7. Lori, I realise that whenever I drive the K I am doing it on licence from Jack (BUT DON'T TELL HIM - WE WOULD DEMAND A FEE).

    Confession time - I owned a R11R and spent a considerable effort and expense lowering footpegs and raising seats to get comfortable (I bought it from a lovely lady natural healer who said that it would be to small for me!). In the end I sold it to my brother in law in Germany and he put a noisy exhaust on it!

  8. Lori:

    Now you know how how we "Males" keep the opposite species OFF our our bikes, even though Mr Oilburner will not admit it. Just make the bike appear too TALL, or clutch lever too far forward to reach and that is designed to keep others away from using it.

    The V-strom has one of the best lighting systems but the fault is that they don't turn and light up the curves. I was thinking of more lights mounted above the front forks to "light the way" Jack "r" style.

    Wet Coast Scootin

  9. I dig the R but the RT? Not so much. I'm sure the RT is a great bike (and your report makes it sound pretty good) but it's not my cup of tea. If it's not naked, I don't want it! :)

    I agree that handlebars that move freely from the rest of the cockpit are disconcerting. As Bob mentioned, the SV has a speedo and headlight that turns with the bars.

    (The other) Stacey has the opposite opinion. To her, the SV is disconcerting. She's owned an F650GS and a Street Triple, two bikes with fixed cockpits.

    It's all about what you're used to, I guess!

  10. Ni Nikos,

    Sorry for internet access. Haven't taken the time to upgrade to an expense iPhone... :)

    I can just imagine Jack making you paint a picture of his face on your fairings.

    After all the upgrading to the R11R, did you ever get it to a comfortable level? Or is that why you sold it? Oh well. I think you have a great bike now (or two).

  11. Hi Bob!

    Is that what you do to Mrs. Skoot to discourage riding? Cat is out of the bag!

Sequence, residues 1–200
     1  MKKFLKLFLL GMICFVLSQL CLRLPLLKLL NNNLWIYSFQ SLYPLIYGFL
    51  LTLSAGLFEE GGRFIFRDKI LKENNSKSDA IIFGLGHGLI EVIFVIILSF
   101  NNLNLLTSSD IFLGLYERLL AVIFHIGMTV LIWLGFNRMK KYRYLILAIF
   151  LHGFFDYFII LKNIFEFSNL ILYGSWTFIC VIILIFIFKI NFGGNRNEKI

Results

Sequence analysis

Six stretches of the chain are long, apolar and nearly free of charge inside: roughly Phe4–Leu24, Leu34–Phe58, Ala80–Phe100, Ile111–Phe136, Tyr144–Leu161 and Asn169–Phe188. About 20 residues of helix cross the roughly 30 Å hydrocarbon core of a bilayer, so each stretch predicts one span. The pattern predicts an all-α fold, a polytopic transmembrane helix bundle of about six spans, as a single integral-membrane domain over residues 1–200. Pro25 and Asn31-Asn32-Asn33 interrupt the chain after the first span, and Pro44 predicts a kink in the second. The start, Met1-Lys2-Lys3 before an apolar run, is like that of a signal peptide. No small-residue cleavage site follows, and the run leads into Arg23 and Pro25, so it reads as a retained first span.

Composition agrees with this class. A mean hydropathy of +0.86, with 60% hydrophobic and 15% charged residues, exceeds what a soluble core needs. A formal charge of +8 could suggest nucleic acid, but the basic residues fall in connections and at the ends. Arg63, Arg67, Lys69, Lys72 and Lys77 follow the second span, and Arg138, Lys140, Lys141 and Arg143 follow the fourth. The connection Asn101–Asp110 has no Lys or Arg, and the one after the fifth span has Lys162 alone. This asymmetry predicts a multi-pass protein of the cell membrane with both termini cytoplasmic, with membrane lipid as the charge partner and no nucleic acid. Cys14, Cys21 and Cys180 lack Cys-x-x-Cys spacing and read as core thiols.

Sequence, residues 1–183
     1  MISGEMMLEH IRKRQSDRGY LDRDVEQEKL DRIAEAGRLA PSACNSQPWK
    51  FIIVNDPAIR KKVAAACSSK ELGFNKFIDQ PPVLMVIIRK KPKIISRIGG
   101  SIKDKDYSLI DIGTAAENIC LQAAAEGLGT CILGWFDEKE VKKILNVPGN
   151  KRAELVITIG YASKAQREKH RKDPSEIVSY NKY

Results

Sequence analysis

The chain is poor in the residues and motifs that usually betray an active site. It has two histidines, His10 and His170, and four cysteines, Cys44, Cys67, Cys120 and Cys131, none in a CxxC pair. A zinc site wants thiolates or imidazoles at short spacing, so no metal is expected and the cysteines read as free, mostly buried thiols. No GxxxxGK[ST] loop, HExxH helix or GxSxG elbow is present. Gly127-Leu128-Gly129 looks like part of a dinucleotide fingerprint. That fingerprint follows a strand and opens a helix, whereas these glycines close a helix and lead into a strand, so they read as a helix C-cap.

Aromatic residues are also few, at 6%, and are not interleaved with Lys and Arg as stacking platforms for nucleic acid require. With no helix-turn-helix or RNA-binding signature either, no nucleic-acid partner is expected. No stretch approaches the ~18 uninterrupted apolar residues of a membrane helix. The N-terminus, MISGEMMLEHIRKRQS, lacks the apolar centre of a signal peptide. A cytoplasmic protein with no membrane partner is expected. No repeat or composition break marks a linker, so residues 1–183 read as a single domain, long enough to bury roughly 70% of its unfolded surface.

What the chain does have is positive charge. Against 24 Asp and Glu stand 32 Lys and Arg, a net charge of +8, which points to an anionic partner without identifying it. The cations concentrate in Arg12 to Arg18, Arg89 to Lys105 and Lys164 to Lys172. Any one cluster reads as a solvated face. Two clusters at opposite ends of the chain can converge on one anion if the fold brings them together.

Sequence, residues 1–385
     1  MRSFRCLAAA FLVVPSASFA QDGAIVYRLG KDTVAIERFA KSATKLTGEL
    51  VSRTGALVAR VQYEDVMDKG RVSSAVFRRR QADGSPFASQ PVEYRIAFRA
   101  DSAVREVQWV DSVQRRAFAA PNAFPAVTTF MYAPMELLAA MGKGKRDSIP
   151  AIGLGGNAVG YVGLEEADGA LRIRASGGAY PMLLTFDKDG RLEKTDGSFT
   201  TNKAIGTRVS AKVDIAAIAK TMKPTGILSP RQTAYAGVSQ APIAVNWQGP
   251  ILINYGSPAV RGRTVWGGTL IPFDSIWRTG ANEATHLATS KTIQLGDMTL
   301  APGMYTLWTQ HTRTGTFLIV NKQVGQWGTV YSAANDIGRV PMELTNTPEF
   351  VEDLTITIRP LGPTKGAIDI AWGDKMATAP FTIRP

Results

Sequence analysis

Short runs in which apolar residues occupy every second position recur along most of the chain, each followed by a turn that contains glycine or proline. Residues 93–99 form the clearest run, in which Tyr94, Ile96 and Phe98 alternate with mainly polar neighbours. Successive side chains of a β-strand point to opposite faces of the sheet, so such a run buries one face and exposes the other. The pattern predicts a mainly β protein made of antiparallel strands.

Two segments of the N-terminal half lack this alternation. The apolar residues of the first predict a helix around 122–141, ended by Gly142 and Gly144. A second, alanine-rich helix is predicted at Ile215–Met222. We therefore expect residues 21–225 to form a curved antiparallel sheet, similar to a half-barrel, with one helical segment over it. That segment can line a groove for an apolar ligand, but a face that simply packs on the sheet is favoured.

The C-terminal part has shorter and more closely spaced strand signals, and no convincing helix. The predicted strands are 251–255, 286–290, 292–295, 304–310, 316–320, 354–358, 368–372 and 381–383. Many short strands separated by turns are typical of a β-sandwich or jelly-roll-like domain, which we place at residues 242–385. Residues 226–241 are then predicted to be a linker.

Yes, put the lights on the front forks. I have seen others and they work well. Nice tree shaped pattern of lights down the front of the V.

  12. Hi Stacy!

    A woman after my own heart, love the naked bikes too. That actually was one of my requirements before purchasing the R. So few bikes are nekked! :)

    It is all definitely in the eye of the rider for cockpits, turning or stationary. I'm sure we can get used to them...but for first time out? Wow...what a difference.


  13. Lori

    Unfortunately with the pegs lowered I was scraping my boots on corners...the next owner, my brother in law loves it but I returned the pegs to normal.

    With the GS the only time I scrape the pegs is when I drop it!

  14. Hi Nikos,

    Scraping boots? Not the pegs? That can get rather expensive if you are to good coverage boots.

    And stop dropping that GS on hard-pack. Only allowed in sand and soft stuff. :)


  15. Dear Beemer Girl (Lori);

    Look over the windshield and forget about what appears to be turning. You'll learn to love it. There is also much less buffeting getting around trucks.

    The gearing is sonething else. Going from a 1986 K75 to a 2005 Honda Aero Shadow revealed the short-comings of the low reving,low horsepower Honda engine to me in a flash. There is no substitute for a broad first and second gear, and a high top end.

    Fondest regards,
    Jack • reep • Toad
    Twisted Roads

  16. Hi Jack!

    You are correct, look over the windshield. That was how I noticed it in my periphery. A fractional second of "vertigo" that it wasn't turning. :)

    The fairings may help in some situations. But I have heard of others with side winds that will knock you across the lanes when they catch on them. Mr. Oilburner was fairly spooked by the catch when he first got the bike. But has since become accustomed to it. Might be a different story in high winds, tho.

    Sports and cruisers are completely different beasts, aren't they? I will take the sporty any second of the day. :)